Special Charter


Davenport is a Special Charter City

Davenport was granted a special charter by the Iowa legislature in 1851. Although many Iowa cities were given this status before the act was prohibited in 1859, only five remain special charter cities: Davenport, Camanche, Wapello, Muscatine, and Glendale.
Special charters were given to assist in municipal administration at a time when the Iowa State Legislature was in its infancy. The charters helped regulate everything from election processes to control over city streets and property to the organization of the city Council. Under Davenport’s charter, the city was originally to be governed by Aldermen chosen from six wards (24 Precincts). In 1957, the Council voted, in accordance with the rules in the charter, to add two more wards.
Some of the provisions given by Davenport’s charter have had more of an impact than others. One of the more detailed points was the duty of the City Clerk. According to the charter, the Clerk was required not only to record the city Council meetings and proceedings, but also keep records on the Marshall’s returns, property sales taxes, the works of the street commissioner, the mayor’s docket book, the city budget allowances, and all deaths for the city. Later, more duties were assigned, such as the recording of streets. Davenport clerks might have been among the busiest of city officers, but it is due to their work that we have such a rich archive of city history available to us today.
Most Iowa special charters didn’t mention bridges, although the river cities were usually authorized to “improve and preserve” navigation within city limits. However, Davenport’s Council was given power to “establish, erect and keep in repair” bridges.    This power no doubt assisted the Davenport Bridge Company in the construction of the first bridge across the Mississippi, which was built between Davenport and Rock Island, Illinois, in 1856.
Davenport’s charter gave the Council power to “license, tax, and regulate” taverns, groceries, and all places that sold alcoholic beverages, and to “restrain, prohibit, and suppress” drinking establishments. Throughout its history, however, the special charter proved helpful to Davenport’s breweries and taverns.   In 1909, Ernst Wenzel was prosecuted under Iowa’s “Moon law”, which regulated the number of salons in a city or town to one establishment for every 1,000 residents. At that time, Davenport, which had not even reached 50,000 citizens by that time, had approximately 200 drinking establishments. Ficke and Ficke of Davenport, Mr. Wenzel’s attorneys, successfully argued that the Moon law was not simply an amendment to previous regulatory laws, but new legislation that did not specifically mention special charter cities; the law therefore did not apply to Davenport, and so could not be violated by Mr. Wenzel.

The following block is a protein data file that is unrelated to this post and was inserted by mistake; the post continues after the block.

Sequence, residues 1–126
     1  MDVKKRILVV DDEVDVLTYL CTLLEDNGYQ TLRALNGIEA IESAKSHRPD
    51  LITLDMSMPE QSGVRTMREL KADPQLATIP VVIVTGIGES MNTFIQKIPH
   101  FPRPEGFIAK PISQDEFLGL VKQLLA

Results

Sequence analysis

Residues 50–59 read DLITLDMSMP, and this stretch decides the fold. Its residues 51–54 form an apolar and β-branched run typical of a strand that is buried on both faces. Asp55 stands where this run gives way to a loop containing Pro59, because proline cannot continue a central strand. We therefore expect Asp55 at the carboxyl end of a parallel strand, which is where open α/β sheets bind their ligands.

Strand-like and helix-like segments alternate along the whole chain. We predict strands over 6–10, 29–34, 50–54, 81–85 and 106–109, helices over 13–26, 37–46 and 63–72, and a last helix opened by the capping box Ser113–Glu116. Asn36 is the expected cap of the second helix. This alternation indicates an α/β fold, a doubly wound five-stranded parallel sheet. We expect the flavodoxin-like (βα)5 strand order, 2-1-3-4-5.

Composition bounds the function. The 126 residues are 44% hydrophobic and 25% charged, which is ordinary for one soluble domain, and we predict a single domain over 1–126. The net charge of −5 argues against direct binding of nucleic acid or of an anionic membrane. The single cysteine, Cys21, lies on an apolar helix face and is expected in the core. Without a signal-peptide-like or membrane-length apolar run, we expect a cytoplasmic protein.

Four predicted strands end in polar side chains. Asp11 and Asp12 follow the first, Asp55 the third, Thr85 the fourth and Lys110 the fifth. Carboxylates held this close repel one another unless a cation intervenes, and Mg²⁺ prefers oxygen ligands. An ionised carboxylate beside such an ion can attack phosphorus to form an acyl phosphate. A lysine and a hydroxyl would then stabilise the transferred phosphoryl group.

Even when this oversight was (quickly) corrected, Special Charter cities were given a year to meet the terms of the new law; ‘regular’ cities and towns had to comply immediately.
A major advantage of special charters is a certain type of legislative independence.   Residents may initiate amendments to the articles of incorporation, or of the charter, in local matter, such as when the city limits expand, or when the council divided the city into 8 wards in 1957, as mentioned previously. But the most basic freedom for the residents of Davenport is the choice of municipal governance; citizens may choose to keep the charter or not, to become incorporated under the general law, or to adopt the manager plan or the commission plan.
Granted, the present Iowa Code does not take much notice of the original differences of special charter cities.  Evolving laws have, for practical purposes, made most municipalities equal. Davenport and the other remaining special charter cities do not appear to have more or fewer rights, privileges, or powers than those organized under the general incorporation laws. So, what keeps Davenport’s citizens from exercising their right to give up this form of government? As George F. Robeson stated in 1920, “sentiment probably plays an important part in their retention: one does not readily give up a form of government which has been in operation, and fairly satisfactorily, for a period of considerably over half a century.” Even after a century and a half, this sentiment and pride in our special status does not appear to have waned.
An Act to Incorporate the City of Davenport, 1851.
History of Scott County, Iowa. (Chicago, Ill.: Inter-state Publishing Co.), 1882.
""Moon Law' overreaches."  Davenport Democrat. August 22, 1909, p.1.